Author Archives: client

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What’s happening to the lake?

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Work is being undertaken to remove excess plant material from the main lake near Station Street and return it to full function.

Bats steal the night

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Lesser long-eared bats featured on our night stalk of 12 January 2013. Also seen on the night were lots of spiders, three species of native cockroaches, beetles and moths – including a spider eating its dinner.

Early Learning Centre helps the bush to grow

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The Friends of Queens Park Bushland received a donation from the East Cannington YMCA Early Learning Centre to help with revegetation activities. The staff and children at the centre handed the Friends a giant cheque that the children had decorated.

Let’s go cuckoo

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First there were cuckoos of the bird variety to be watching. Now there are cuckoo bees and cockoo wasps too.

Night stalk captivates participants

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Another successful night stalk on Friday, 23 November 2012, was held by the Friends of Queens Park Bushland. We saw a gecko, spiders, moths and much more.

Bushland grows tall without fire

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The bushland doesn’t need fire to grow well. The fire history of one area is shown by a 150 year old Balga that hasn’t been burnt for more than 80 years.

A walk with the birds.

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A bird watching walk was held through the Queens Park Regional Open Space for BirdLife Australia members. A very respectable 47 different species of bird was seen during the morning.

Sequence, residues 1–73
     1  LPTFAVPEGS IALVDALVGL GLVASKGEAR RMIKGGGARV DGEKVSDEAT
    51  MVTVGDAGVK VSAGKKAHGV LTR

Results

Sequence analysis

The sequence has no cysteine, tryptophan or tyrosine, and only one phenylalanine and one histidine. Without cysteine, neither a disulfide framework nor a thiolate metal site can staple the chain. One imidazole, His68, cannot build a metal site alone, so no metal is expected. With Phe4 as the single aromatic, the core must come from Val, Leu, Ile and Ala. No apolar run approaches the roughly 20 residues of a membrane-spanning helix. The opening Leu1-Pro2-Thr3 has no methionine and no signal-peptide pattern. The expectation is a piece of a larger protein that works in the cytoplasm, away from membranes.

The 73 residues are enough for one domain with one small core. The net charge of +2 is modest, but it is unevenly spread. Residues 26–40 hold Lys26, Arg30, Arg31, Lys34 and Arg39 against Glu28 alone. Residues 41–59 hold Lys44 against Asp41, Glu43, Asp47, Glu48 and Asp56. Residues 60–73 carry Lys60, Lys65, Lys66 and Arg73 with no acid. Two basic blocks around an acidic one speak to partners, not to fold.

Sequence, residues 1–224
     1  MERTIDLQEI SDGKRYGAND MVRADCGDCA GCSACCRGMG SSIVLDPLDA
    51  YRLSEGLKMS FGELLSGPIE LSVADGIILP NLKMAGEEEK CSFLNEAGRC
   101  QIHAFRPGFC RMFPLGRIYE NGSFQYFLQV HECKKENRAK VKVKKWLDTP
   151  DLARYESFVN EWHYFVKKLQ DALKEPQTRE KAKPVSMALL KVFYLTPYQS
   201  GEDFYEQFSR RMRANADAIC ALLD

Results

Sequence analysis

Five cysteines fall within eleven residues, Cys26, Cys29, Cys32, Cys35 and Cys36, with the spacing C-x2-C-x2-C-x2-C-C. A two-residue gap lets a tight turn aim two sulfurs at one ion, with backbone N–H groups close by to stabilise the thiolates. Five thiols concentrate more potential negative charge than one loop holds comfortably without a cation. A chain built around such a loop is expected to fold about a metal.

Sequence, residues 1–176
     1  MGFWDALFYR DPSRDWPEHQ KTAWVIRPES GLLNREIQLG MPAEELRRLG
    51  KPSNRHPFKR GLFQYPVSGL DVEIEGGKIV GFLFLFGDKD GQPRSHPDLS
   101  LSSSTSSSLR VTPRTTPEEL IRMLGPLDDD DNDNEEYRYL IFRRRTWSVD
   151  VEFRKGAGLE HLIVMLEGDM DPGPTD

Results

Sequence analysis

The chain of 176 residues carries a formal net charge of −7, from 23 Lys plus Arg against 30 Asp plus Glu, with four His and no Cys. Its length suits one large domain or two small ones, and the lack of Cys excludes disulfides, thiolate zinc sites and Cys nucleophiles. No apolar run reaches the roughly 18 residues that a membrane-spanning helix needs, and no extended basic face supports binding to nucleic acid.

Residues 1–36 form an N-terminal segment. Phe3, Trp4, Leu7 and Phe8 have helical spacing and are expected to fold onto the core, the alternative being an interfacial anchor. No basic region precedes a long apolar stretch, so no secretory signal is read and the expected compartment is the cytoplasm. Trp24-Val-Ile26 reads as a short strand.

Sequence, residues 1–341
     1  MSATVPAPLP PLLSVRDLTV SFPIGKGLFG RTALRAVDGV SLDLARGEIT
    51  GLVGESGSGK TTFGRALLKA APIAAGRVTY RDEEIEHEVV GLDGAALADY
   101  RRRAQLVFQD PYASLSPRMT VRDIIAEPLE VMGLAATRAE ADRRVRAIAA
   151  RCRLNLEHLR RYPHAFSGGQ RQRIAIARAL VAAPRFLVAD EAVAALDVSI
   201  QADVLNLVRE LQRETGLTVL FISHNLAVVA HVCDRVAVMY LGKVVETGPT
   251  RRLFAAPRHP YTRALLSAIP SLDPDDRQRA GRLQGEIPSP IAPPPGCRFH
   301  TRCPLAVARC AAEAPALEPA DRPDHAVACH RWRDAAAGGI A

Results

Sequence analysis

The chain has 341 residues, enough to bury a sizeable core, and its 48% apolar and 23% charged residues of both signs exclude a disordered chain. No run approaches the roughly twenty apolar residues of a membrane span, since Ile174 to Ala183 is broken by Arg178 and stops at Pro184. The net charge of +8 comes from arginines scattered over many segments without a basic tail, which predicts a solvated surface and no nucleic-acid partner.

Happy 20th birthday Friends of Queens Park Bushland

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The Friends of Queens Park Bushland celebrated their 20th birthday with members and invited guests. It was also time to formally launch the website.

Wildflowers in the bush

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Wildflowers abound in the bushland during Spring. From the smallest to the largest flowers, they all have a role to play.

Birds start breeding

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Many birds start breeding in August. Keep your eyes open and you may be able to see the signs.

Planting season for 2012 is finished.

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More than 1,100 seedlings were propagated and planted by the group to help restore the bushland.

Millipedes are on the move

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Now that the conditions are moist the millipedes have started coming out and are walking around. There are at least two species of millipede in the bush – one native and one introduced.

Stormy weather takes its toll.

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The new habitat created by the storm of 10 June 2012 will help the whole ecosystem. Nesting hollows will be created and nutrients will be recycled, meaning more opportunities will be provided for every creature living in the bush.